I know you said that you prefer to use Mnesia directly for learning purposes, but if at any time you decided to switch to use a wrapper, then you have:

1 Like

I can at least answer that: Using ‘just’ a timestamp caps you to a certain number of maximum inserts per second, and requires you to pay good attention to your clock. However, there certainly are common approaches to create timestamp-base IDs. A common one is the Snowflake ID, for which there exists an Elixir implementation.

As to when it makes sense to use UUIDs vs auto-incrementing IDs: personally I agree with the arguments of this blog post that boil down to UUIDs are larger than traditional SQL auto-increment ID fields, but they have several benefits such as better scalability, they still work in a distributed setting, you can move to a different underlying database without having to create new ids, etc.

Yes and no. You cannot vary what fields exist in a Mnesia table. You can however vary what data is stored inside, and this data might be any Erlang/Elixir term including (nested) lists, maps (including structs), tuples, etc. This gives you flexibility to store varying data in a certain field.

The main disadvantage of storing denormalized data is that you cannot (at least not easily) query this data. Depending on what you want to store vs. what you want to search on, this is usually not a problem.

I’d say: start with the simplest thing that works and only make it more complex if you hit against its limits.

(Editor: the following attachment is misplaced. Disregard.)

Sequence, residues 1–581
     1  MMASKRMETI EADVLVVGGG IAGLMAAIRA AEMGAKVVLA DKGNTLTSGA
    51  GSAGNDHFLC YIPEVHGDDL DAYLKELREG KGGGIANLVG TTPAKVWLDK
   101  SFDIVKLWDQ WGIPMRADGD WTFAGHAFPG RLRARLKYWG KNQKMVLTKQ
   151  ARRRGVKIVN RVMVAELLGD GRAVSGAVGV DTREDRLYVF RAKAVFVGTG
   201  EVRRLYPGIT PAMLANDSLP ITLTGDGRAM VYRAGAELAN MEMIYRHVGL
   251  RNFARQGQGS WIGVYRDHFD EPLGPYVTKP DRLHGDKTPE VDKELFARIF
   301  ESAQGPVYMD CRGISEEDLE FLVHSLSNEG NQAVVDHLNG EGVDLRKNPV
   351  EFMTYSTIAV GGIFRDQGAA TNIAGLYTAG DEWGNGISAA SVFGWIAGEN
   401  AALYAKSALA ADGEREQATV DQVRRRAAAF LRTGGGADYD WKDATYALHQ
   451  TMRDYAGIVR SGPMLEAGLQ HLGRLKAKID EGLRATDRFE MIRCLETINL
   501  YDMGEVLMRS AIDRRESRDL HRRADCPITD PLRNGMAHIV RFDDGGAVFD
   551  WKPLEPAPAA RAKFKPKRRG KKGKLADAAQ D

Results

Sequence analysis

Memento wrapper for Mnesia does auto increment in ordered sets only, see it here:

  # Get the next numeric key (for ordered sets w/ autoincrement)
  # It gets a list of all_keys for a table, selects the numeric
  # ones, find the maximum value and adds one to it.
  # NOTE:
  # See if this implementation is efficient and does not create
  # any kinds of race conditions. Maybe also use some kind of
  # counter, so a key that was used for a previously deleted
  # record is not used again (like SQL)?
  @default_value 0
  @increment_by  1
  defp autoincrement_key_for(table) do
    |> Enum.filter(&is_number/1)
    |> Enum.max(fn -> @default_value end)
    |> Kernel.+(@increment_by)

In my Todo app I am using a unique id, that is an hash of a field in the changeset. Yes I am using Ecto Changesets with Mnesia :wink:

I generally follow this advice. In this case there’s zero technical need to replace existing postgres solution, it’s purely for my educational purposes :slight_smile:

Re using timestamps as IDs - I understand your point, it kinda goes against the idea of highly-concurrent real-time systems where everything happens “at the same time”, so going for timestamps as unique IDs is kinda stupid :smiley:

Re yes and no with mixed data in the same table - I think I understand in principle. So one case would be to have table with attributes key, payload, and maybe record_type where payload could be a map for some records and list for others, etc. The other I can think of is having something like this:

| key    | record_type | text    | done  | name | email  |
| 1      | todo        | "one"   | false |      |        |
| 2      | todo        | "two"   | true  |      |        |
| 3      | todo        | "one"   | false |      |        |
| 4      | owner       |         |       | josef| |

It’s a bit hacky, but should be easy to match and iterate, and maybe makes sense in some scenarios where you really need the in-memory speed of mnesia.